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Open or Closed? It's neither...

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Footprint reports on Ecobuild’s Passive vs. Active seminar

Ecobuild’s Passive vs. Active seminar focused on the appropriateness of passive and active ventilation strategies. Practitioners drew on lessons from different projects to share best practice in ventilation.

Neville Rye of WSP Sustainable Buildings Group spoke about how design can achieve better indoor air-quality. The most common cause of complaints about buildings in the UK is overheating; second is poor air-quality. Many of these problems could be prevented if user comfort criteria were properly considered from a project’s inception. The importance of understanding detail to the success of a ventilation strategy was demonstrated by CFD images showing how replacing top-hung windows with mesh protected sliding windows dramatically improved classroom ventilation. 


Devil in the detail: CFD visualisation shows a warm classroom and poor airflow with a top hung window.



Devil in the detail: CFD visualisation shows a cooler classroom and better airflow with a sliding window.

Crown House Technology’s Paul Hancock echoed the same concern, stressing that it’s not about designer choice but about always proposing the most appropriate solution.  This can only come from a rigorous understanding of a project’s context. Hancock offered a six point checklist:

1.       Understand client requirements and context – each project is different.

2.       Challenge the assumptions that the client presents to you.  For example, does the server you are cooling need to be that big or are there overall savings to be made with a more efficient but expensive one?

3.       Always factor the impact of decisions. Bigger windows may mean more light but also more solar gains.

4.       Consider implications of technology. Make sure users understand how the system should be operated.

5.       Use as few and simple solutions as possible. These are easy for users .

6.       Be an energy miser.  Every watt saved can add up to big savings for an organisation.

7.       Use what you have in as many ways as you can. If you have a concrete slab, use the thermal mass.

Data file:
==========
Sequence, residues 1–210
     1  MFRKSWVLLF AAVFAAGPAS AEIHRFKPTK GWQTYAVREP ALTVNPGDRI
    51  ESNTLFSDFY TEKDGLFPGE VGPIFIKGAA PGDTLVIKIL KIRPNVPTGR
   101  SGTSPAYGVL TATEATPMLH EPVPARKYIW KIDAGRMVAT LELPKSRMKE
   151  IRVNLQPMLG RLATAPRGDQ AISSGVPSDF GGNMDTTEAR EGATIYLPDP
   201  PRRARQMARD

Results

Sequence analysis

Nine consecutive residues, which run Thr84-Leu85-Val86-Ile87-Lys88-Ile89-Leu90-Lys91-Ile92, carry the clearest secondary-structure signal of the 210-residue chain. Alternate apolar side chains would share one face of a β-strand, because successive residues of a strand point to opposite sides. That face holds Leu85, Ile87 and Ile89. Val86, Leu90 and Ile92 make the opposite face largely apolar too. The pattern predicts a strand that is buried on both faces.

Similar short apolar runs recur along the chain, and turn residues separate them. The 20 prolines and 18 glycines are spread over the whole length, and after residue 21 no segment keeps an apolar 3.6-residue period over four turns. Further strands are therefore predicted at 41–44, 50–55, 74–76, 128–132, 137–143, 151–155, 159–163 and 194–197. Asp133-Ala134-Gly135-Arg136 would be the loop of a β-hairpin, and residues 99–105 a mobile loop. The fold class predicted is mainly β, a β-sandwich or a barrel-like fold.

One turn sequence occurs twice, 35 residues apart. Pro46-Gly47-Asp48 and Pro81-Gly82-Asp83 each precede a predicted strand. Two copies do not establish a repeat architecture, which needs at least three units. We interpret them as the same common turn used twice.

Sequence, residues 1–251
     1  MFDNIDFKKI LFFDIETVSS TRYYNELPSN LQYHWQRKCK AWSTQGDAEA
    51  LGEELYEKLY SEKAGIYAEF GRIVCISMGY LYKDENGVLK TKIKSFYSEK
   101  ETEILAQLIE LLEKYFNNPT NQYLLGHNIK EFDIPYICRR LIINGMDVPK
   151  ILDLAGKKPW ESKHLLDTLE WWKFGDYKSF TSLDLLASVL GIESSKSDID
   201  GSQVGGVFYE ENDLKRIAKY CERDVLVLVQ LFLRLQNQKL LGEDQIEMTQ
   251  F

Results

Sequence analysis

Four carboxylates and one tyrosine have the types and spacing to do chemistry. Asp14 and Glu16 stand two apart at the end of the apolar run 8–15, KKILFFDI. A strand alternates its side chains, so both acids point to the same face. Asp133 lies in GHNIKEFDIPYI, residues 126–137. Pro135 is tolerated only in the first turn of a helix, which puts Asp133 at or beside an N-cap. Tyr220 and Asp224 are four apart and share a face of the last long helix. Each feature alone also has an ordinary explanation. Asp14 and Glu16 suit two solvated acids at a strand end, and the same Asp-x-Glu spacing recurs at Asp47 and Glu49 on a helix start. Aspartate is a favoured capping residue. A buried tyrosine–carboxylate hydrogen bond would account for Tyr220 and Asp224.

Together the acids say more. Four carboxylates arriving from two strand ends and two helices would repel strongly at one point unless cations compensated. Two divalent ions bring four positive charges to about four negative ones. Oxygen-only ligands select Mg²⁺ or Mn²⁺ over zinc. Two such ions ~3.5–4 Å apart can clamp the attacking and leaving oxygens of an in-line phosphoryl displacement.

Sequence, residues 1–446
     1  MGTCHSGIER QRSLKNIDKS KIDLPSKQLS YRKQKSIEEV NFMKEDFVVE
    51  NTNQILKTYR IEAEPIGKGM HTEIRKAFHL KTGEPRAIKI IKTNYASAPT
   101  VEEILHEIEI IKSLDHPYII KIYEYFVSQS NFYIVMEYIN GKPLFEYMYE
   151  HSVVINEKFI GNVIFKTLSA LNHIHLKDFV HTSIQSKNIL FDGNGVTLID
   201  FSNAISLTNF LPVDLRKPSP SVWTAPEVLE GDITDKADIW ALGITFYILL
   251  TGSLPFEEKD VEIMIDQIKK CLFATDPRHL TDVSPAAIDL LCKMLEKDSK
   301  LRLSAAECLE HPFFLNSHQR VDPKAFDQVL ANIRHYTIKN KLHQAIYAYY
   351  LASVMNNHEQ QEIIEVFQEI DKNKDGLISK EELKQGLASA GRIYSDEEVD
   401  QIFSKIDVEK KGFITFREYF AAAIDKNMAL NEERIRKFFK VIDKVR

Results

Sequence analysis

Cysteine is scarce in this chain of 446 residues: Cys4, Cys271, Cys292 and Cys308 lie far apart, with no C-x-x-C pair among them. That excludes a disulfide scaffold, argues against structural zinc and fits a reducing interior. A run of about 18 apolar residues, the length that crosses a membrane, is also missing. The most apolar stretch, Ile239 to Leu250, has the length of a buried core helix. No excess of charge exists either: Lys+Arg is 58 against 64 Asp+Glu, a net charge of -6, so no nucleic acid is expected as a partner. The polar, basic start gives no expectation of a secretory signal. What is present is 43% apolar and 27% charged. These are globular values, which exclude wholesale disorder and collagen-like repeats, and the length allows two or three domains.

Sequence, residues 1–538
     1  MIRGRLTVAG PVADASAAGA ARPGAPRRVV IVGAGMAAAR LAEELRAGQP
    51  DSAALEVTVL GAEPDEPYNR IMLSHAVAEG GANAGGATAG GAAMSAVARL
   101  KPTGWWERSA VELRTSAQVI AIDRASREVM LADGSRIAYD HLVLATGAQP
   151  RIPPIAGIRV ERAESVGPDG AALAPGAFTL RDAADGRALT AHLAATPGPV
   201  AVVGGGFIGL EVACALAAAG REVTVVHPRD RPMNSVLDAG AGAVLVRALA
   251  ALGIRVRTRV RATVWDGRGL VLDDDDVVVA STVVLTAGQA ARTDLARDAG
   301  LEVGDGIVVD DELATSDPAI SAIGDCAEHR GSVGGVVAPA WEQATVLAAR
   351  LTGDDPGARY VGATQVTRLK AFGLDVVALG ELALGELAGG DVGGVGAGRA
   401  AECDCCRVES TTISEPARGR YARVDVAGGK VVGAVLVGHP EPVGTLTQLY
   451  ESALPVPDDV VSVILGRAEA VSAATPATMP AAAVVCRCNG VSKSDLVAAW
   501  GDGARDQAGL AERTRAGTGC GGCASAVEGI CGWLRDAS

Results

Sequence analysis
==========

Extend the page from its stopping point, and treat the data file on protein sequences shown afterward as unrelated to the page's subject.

Dr. Rupert Soar of Nottingham Trent University concluded the seminar by giving us a look at a possible future.  He asked the question of how we get more efficiency out of fewer resources.  According to Soar, our current approach, especially where building airtightness and mechanical heat recovery is concerned, is reaching a point of diminishing returns. Soar proposes manipulating the geometry of simple materials to achieve extraordinary performance through 3D printing.  He believes that our current way of working - with expensive design and cheap materials - is set to change.  The future he proposes is one of cheap design and expensive materials.  Improvements in digital modelling and fabrication mean that, like nature, we will be able to do more with simple materials.  In the same way that a termite mound’s complex geometry creates a comfortable internal climate using natural materials, Soar is developing computer modelling and 3D printing to create simple materials that can intelligently regulate internal environments, or as he put it ‘control leaky stuff’.   Simple gypsum concrete can be transformed into a phase change material by manipulating its geometry.   Soar’s work gives us a window on possible sustainable materials of the future and what the practical implications might be. 

The message from this seminar was that there are no short cuts to successful sustainable design.  Only a diligent and specific approach to the requirements and details of a project will deliver real gains.

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